COVID-19 UK: How our fitness routines have changed since COVID19
Base: 1200 UK app-based citizens
Using the CitizenMe platform, we went out to our COVID-19 community, which is an open-data research project designed to enable the world's citizens to share real-time opinions and data about COVID-19 with the institutions fighting the epidemic.
Change in the way we are maintaining our fitness
Sporting events and activities have been around for thousands of years and are likely to be around for a thousand more. They are a way for people to physically and mentally better themselves, and are vital to maintaining good health.
During this time of social distancing and avoiding crowds, sporting events and activities have all been postponed. This is unprecedented in the postwar era, with sport normally being the shining light of hope and community globally.
However, the government recognises the importance of exercise as it is considered one of the few important reasons that allows people to leave their homes during lockdown.
We have looked at what has been the change in behaviour among our UK citizens regarding sport and exercise.
The difference between sport and exercise
Before we go into the change in behaviour from before to after the COVID-19 outbreak, I want to address the difference we see between the interpretation of sport and that of exercise.
Here are a couple of definitions:
Within our sample, we do see a that our respondents know the difference:
58% of people say they don’t play any sport but only 22% say they don’t exercise. This shows that people are able to see the difference between the two fitness-building terms.
What is even more interesting is when you compare the frequency of each with one another using a cross-section analysis:
From the cross-section, you can see that those who play sport in some manner also exercise in some way too. Yet on the flipside, of those who exercise at least 1-2 times a week, on average 45% say they don’t play sport.
There also seems to be a dramatic difference between those who exercise often (at least 3 times a week) versus those who exercise less often (at least 1-2 times a week). Recognising this can really help in understanding the motivations of fitness among sports fanatics versus exercise enthusiasts. This knowledge also supports how best to market to these groups.
Are people exercising more or less since the COVID-19 lockdown?
From our analysis, respondents say they are both playing sport and exercising less (66% and 49% respectively). Although this decrease is to be expected, we still find that 1 in 5 have managed to maintain or increase how often they exercise:
We know that exercising during this time is really important, and our findings show that for those who say they are exercising more, they are also feeling more physically healthy than before the lockdown. This illustrates that people are able to work on their physical fitness when there is less to do, and it provides an option to escape lockdown in the home.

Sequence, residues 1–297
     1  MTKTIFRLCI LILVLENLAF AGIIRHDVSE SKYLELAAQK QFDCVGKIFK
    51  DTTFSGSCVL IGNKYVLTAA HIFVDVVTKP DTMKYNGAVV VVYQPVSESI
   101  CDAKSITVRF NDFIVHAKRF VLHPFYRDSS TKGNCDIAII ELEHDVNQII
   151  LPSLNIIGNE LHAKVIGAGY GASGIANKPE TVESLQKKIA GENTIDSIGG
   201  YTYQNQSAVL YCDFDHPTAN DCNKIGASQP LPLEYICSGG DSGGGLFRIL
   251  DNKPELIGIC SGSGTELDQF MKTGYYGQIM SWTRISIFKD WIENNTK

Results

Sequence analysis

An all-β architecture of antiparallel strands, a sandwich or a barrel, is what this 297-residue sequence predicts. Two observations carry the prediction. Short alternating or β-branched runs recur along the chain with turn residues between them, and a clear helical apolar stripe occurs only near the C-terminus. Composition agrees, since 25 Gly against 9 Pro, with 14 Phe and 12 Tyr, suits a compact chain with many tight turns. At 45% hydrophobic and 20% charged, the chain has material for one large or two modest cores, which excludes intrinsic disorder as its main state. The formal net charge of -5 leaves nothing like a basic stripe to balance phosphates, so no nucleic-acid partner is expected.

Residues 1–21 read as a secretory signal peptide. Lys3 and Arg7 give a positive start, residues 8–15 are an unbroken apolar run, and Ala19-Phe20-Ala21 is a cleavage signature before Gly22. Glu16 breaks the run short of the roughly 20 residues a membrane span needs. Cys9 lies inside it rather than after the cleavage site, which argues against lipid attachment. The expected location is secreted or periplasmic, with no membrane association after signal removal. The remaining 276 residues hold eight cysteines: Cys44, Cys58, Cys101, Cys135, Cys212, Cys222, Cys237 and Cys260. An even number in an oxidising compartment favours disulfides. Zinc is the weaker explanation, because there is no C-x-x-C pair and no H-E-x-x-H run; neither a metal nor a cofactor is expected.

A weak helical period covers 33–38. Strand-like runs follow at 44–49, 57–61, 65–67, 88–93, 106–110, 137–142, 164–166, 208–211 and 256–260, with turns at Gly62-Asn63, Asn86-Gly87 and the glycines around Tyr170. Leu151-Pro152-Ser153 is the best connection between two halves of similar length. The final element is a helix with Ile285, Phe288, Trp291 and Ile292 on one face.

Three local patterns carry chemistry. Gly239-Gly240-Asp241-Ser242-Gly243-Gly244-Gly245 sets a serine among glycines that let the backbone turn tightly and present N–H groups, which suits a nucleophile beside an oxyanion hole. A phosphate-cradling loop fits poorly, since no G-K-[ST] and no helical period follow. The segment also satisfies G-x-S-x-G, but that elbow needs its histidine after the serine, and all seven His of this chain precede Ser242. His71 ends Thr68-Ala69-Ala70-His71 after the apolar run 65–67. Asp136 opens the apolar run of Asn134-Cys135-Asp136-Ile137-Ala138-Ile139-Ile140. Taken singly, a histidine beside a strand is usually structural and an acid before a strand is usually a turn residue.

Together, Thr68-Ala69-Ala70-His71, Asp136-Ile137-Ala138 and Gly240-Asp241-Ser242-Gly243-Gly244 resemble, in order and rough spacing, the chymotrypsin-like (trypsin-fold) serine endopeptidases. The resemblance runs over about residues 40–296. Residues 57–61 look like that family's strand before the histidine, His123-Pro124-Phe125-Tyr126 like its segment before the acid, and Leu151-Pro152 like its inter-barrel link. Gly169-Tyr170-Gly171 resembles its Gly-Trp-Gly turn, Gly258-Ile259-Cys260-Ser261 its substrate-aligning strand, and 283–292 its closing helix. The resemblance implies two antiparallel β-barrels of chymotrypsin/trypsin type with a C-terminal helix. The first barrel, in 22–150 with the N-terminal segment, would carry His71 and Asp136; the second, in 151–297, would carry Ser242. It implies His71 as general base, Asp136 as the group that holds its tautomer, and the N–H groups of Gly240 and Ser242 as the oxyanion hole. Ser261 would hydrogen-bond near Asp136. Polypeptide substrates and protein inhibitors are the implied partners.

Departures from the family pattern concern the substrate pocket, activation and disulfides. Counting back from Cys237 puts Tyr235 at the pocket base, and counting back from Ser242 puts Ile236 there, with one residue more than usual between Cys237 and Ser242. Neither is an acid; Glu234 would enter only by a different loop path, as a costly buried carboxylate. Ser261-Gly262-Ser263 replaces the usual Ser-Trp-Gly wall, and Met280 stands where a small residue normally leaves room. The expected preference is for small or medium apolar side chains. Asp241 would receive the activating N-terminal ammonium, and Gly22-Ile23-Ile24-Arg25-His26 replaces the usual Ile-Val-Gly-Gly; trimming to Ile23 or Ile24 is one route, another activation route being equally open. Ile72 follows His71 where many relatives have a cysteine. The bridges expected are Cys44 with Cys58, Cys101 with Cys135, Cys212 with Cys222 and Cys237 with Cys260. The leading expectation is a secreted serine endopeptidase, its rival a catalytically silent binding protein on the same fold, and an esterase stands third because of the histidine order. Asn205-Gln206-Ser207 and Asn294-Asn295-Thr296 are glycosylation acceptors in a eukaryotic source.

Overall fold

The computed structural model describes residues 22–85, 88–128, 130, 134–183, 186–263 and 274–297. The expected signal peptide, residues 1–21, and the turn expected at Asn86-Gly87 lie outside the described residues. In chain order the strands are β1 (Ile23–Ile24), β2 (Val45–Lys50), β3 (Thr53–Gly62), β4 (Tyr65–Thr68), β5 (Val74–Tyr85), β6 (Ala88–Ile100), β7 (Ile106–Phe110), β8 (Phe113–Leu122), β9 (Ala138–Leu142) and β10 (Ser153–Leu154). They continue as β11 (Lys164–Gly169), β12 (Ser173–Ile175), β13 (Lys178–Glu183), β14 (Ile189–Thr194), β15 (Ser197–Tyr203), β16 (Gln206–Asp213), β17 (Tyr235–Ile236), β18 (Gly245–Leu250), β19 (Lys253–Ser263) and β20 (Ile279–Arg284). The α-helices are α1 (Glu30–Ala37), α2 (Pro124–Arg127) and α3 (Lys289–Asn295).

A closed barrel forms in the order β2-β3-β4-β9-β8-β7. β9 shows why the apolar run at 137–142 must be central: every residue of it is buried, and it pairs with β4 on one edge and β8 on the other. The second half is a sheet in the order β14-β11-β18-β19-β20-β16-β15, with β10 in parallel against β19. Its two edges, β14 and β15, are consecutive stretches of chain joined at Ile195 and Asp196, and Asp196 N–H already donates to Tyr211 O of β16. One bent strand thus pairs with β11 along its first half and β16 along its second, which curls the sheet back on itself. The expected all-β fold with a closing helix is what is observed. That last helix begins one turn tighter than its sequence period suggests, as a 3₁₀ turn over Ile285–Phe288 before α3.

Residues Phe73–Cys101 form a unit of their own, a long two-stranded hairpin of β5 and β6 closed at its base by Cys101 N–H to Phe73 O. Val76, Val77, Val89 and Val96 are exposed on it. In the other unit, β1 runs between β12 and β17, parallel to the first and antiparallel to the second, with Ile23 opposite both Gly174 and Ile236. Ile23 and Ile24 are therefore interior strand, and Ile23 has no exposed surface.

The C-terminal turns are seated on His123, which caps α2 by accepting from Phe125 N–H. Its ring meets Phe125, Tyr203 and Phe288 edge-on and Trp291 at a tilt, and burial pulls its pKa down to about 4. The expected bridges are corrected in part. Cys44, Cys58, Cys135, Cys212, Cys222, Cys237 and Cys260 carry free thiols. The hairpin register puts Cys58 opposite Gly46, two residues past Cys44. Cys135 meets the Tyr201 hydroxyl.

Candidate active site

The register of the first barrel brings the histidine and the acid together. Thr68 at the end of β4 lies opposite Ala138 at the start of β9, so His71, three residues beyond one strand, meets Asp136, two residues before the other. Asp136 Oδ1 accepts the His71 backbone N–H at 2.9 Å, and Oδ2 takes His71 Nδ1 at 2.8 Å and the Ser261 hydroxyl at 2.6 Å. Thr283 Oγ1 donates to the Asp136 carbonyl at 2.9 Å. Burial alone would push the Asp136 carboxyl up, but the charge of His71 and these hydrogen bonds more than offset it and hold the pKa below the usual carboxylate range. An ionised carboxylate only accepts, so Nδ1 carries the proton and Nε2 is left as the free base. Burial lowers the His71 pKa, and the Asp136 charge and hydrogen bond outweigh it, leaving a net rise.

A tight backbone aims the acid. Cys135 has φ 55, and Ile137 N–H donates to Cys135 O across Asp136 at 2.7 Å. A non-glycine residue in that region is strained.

One group that is showing this increase in exercising frequency is the 18-24s age group:
The reasons given were they are more able to: easily adapt their exercising routine (27% vs 23% total); or to continue as usual (18% to 21%). The manner in which they have adapted to the current situation is by moving into doing casual exercise and outdoor bits, with 1 in 5 saying they have jogged or run since the lockdown (vs 16% total).
The less frequent exercisers
A positive from the lockdown is that those who stated previously they only exercised 1-2 times over the month are the same individuals increasing their exercise since the lockdown. Although this could be due to them beginning from a lower starting point, the fact previously less frequent exercisers are being motivated to get out of the house - whether as an accepted reason for leaving one’s home or from having more free time - is a good thing:
Indeed, 30% of this group state their physical health has improved, which is nearly double the average of 16%. The main activity of this group is walking (46% vs 39% average).
One of the hardest parts of exercising is starting and then creating a routine. Yet the lockdown has forced some people into that, and it will be interesting - and positive for the country - if those who usually don’t exercise regularly can maintain this when the lockdown is lifted.
New forms of exercise routines
Looking across the 2 key groups of those who say they exercise more often and those who feel more physically able, we can see what activities they have tried since lockdown:
One of the big increases within these groups are those who are taking up fitness programmes on social media. There has been a big initiative from many social media influencers and exercise establishments to drive customer retention, by offering free online classes on social media platforms. Someone like Joe Wick has managed to attract millions of people via social media through his morning classes.
This may well become a new norm: people being able to exercise in an affordable way. This will only happen if the big exercise establishments are willing to continue to provide these services to the nation, once the lockdown lifts.
Time will tell once we all establish the ‘new normal’!